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Morristown New Jersey Employment Law Blog

Could Massachusetts' noncompete reform work in New Jersey?

The state of Massachusetts has just passed a bill that would require companies to provide compensation to former employees if they decide to enforce noncompete agreements. The compensation -- either half the employee's salary or "mutually agreed-upon consideration" -- would be required for up to a year after the employee leaves the company.

This is referred to as "garden leave," after a British colloquialism for being paid to tend to one's garden.

Equal pay and paid sick leave present employer challenges

This past spring was big for followers of progressive political philosophy. The governor signed into law several measures that all New Jersey employers need to heed. This post looks at them both with the goal of encouraging employers to act for the protection of business interests.

The first is the Equal Pay Act. Effective as of the first of July, this amendment to the New Jersey Law Against Discrimination aims to reduce wage disparity resulting from employment discrimination. Employers violating the law can be assessed significant fines for every occurrence.

5 tips to improve your boring anti-sexual harassment training

At one time or another, we've all been subjected to a dull, seemingly pointless anti-sexual harassment training. Maybe the moderator simply read every word of the slides aloud. Maybe the information was so obvious that it felt like a waste of everybody's time. Maybe what was obvious was that HR had a compliance goal to meet.

When employee trainings are boring, unenlightening or designed merely to limit liability, the entire process can be worse than ineffective. It can actually be counterproductive. If your anti-sexual harassment trainings have had lackluster results, consider a few tips to make them more useful and engaging:

Does your company have a policy on Airbnb?

With the growth of the "sharing economy," businesses are having to deal with a number of new questions. When taking quick trips on the company dime, should employees hail a taxi or grab a Lyft? When traveling for business, can they book with Airbnb or should they stick with traditional hotels?

You want your employees to be innovative, especially when it comes to saving the company money. Airbnb wants to increase its market share by offering "business-ready" listings and adding a commercial dashboard to its website.

Judge: Bankruptcy won't protect Weinstein Co. from lawsuits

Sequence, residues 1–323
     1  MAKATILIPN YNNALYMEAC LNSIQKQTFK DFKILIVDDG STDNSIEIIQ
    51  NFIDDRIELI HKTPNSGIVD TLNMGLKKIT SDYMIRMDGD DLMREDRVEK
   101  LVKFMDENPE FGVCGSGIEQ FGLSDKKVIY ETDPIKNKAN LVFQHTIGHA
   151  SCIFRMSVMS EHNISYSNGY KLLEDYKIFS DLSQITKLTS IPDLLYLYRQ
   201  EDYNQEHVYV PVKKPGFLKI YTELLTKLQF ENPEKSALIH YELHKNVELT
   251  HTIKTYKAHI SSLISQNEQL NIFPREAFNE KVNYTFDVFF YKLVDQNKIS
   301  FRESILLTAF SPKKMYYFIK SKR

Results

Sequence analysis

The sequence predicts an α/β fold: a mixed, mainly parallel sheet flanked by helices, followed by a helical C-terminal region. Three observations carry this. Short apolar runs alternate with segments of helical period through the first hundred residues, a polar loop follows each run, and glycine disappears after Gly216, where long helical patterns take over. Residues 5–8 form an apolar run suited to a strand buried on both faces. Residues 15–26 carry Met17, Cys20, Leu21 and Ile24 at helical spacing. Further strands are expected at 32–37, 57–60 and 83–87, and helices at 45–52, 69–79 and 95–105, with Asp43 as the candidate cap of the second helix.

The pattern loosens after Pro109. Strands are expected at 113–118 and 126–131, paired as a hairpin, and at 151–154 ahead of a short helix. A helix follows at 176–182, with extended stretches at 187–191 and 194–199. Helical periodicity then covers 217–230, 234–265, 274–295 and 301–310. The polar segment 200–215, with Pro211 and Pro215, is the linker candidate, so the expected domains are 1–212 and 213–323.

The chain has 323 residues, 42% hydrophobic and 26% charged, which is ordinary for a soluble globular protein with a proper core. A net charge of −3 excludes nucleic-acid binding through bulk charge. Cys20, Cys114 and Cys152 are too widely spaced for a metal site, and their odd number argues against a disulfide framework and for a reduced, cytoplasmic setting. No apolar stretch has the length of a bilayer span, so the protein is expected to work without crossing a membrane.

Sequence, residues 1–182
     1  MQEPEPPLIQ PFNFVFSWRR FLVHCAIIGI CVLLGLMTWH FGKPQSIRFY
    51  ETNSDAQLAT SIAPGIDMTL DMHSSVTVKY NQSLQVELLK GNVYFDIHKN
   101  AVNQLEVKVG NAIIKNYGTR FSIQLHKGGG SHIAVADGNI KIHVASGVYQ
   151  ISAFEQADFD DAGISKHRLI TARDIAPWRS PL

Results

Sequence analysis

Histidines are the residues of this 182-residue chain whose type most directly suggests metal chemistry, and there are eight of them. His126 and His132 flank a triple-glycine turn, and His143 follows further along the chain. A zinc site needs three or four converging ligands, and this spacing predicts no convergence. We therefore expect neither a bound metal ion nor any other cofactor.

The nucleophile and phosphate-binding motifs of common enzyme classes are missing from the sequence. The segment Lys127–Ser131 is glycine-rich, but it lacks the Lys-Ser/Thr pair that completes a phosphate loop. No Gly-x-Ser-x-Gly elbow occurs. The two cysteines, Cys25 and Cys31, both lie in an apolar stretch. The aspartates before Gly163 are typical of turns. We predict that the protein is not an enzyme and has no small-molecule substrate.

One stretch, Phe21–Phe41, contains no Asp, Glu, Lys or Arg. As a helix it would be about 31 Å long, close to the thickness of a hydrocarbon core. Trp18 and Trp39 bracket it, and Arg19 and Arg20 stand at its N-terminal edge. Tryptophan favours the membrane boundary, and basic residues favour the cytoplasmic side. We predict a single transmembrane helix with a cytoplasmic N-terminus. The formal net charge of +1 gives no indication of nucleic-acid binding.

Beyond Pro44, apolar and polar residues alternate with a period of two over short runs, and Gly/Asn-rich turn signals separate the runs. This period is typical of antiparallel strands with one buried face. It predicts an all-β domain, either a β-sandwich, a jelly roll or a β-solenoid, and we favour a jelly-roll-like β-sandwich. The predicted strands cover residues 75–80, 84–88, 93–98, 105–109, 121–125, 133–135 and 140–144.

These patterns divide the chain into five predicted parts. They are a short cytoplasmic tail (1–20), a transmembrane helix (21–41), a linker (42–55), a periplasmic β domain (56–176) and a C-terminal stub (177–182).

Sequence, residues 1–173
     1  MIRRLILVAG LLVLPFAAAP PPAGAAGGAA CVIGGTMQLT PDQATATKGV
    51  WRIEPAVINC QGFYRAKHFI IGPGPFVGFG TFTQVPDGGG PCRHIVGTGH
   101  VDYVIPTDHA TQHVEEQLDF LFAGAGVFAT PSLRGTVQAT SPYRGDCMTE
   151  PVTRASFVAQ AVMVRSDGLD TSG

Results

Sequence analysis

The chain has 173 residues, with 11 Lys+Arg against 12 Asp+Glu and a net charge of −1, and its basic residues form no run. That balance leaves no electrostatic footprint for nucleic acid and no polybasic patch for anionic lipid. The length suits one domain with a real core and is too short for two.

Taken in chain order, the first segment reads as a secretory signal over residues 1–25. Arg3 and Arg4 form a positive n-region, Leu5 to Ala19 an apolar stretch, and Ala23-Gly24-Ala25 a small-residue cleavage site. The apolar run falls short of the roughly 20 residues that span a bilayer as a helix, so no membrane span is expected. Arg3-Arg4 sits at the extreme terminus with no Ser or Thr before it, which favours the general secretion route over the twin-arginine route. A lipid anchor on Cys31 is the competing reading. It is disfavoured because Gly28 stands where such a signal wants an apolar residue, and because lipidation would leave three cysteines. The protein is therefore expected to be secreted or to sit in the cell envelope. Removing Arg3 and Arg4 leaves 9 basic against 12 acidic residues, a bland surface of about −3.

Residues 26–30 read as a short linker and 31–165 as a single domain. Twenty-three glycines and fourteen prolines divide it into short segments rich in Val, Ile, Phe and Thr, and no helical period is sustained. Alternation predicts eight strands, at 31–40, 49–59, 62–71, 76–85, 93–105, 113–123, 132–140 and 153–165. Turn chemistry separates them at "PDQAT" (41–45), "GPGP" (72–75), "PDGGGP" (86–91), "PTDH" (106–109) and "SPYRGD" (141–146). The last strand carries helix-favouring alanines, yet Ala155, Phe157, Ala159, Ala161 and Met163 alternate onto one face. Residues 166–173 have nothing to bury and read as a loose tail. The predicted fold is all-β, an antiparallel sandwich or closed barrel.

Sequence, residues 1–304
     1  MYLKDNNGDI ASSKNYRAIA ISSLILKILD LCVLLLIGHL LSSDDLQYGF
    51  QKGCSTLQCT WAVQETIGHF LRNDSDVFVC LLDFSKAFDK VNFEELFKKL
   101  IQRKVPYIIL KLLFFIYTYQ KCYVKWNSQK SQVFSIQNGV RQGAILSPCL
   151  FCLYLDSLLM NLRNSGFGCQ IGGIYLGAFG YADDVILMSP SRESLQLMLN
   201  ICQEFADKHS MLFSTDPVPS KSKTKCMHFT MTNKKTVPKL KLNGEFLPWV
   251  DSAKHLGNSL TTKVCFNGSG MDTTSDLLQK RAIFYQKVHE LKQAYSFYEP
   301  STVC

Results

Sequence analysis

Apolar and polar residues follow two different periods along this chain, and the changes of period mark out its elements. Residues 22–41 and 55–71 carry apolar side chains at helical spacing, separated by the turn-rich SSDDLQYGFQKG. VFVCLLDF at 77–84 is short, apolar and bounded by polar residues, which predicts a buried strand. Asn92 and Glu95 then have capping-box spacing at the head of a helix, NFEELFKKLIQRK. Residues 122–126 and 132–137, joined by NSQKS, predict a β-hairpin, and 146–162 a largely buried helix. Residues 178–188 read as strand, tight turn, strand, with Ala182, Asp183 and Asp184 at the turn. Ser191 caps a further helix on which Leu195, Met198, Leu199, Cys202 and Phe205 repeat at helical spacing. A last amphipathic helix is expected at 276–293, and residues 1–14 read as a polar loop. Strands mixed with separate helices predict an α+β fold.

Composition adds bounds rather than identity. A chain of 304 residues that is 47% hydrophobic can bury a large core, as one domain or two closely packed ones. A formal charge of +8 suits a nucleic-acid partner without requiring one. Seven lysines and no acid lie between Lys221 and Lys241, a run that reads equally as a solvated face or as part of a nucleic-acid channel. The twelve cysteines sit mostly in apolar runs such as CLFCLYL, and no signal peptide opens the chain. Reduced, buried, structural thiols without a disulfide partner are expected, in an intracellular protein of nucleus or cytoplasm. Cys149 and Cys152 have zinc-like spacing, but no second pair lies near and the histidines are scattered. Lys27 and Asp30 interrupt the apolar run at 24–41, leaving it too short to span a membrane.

The Weinstein Co., which was co-founded by Harvey Weinstein, has filed for bankruptcy in Wilmington, Delaware. Dozens of women, at the least, may wish to sue the company for its alleged role in concealing sexual misconduct complaints against Harvey Weinstein. Filing for bankruptcy generally halts lawsuits against the bankrupt individual or company, putting them off until the proceedings are complete. In this case, however, the bankruptcy judge has ruled that the company will not be immune from litigation.

A group of women has filed a potential class action against the company in New York. They estimate they may end up representing the interests of as many as 100 women who claim to have been harassed or otherwise violated by Harvey Weinstein. They asked the bankruptcy judge to allow their lawsuit to move forward and to order the release of Harvey Weinstein's employment contract.

Supreme Court upholds arbitration clauses in employment contracts

In what many consider a major victory for employers, the U.S. Supreme court has upheld the use of mandatory arbitration clauses or agreements in employment contracts. These clauses typically require employees to bring legal complaints singly in arbitration as opposed to in class action lawsuits.

The left-leaning Economic Policy Institute has found that about 56 percent of American private-sector workers who aren't unionized have signed individual arbitration agreements with their employers. The Supreme Court's ruling is likely to dramatically increase the practice.

Why termination letters are important

It may go without saying, but being fired from a job can be a demoralizing experience for an employee, even while an employer had valid reasons for terminating employment. Despite this, disgruntled employees may believe that personality conflicts or benign mistakes may give rise to legal remedies.

Because of this, having written confirmation of your termination, and the reasons behind it, is an important step that is often overlooked because at will employees may be fired for any reason, as long as it is not an illegal reason. Nevertheless, a termination letter may clarify misunderstandings and offer an employer additional protection against legal action in the future.

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